Many children struggle with picky eating at some point, but children with autism may have feeding issues that go above and beyond just being a picky eater. Tackling autism and food issues can be major stressors for families; not only does it have the potential for being disruptive to family life but it may lead to malnutrition, constipation, and other medical issues in severe cases. Working on feeding problems can be a daunting task but there are effective, evidence-based interventions that can help!
Two words that strike fear in most parents are toilet and training.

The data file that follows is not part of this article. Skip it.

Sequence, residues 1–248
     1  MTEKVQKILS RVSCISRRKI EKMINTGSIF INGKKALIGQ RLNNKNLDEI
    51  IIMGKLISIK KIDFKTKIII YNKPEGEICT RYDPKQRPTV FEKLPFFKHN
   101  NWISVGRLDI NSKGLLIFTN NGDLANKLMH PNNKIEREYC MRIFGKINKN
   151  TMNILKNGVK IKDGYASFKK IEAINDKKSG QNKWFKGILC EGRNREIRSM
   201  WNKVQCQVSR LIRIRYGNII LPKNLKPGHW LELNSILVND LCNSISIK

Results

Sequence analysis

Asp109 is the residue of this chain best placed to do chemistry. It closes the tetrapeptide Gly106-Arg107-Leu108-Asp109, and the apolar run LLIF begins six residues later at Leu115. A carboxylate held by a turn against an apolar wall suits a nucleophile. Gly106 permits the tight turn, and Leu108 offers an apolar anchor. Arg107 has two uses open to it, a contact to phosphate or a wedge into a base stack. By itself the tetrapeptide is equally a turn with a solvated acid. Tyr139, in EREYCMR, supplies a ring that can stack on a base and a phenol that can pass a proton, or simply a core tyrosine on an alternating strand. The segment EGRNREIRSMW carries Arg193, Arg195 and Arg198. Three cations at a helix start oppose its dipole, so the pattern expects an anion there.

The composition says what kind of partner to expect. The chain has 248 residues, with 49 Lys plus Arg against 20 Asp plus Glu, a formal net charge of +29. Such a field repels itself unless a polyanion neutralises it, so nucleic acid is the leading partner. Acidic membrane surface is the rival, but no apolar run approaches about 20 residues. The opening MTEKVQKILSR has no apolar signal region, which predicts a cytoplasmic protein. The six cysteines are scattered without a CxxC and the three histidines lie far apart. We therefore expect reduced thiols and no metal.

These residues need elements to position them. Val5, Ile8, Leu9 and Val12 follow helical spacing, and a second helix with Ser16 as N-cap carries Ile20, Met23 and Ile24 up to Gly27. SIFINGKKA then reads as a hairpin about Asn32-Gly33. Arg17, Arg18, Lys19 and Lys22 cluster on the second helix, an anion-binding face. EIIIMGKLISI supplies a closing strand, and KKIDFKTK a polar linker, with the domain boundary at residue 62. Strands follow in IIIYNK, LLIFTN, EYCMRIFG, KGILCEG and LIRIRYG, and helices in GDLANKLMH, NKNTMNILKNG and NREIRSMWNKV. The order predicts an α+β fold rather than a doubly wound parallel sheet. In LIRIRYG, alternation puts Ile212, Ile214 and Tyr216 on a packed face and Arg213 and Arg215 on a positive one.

Toilet training, or "potty training", can be a scary process for any family but it may be particularly challenging for families of children with an Autism Spectrum Disorder. Research shows that children diagnosed with autism are often delayed in achieving toilet training success and that it may take more time to complete the toilet training process than other children. Potential barriers may include language deficits that may make it difficult for the child to say “I need to go potty!”, difficulty dressing and undressing when it is time to go, change in routines leading to negative behavior, or having aversions to the noises, smells, and bright lights that are associated with bathroom time.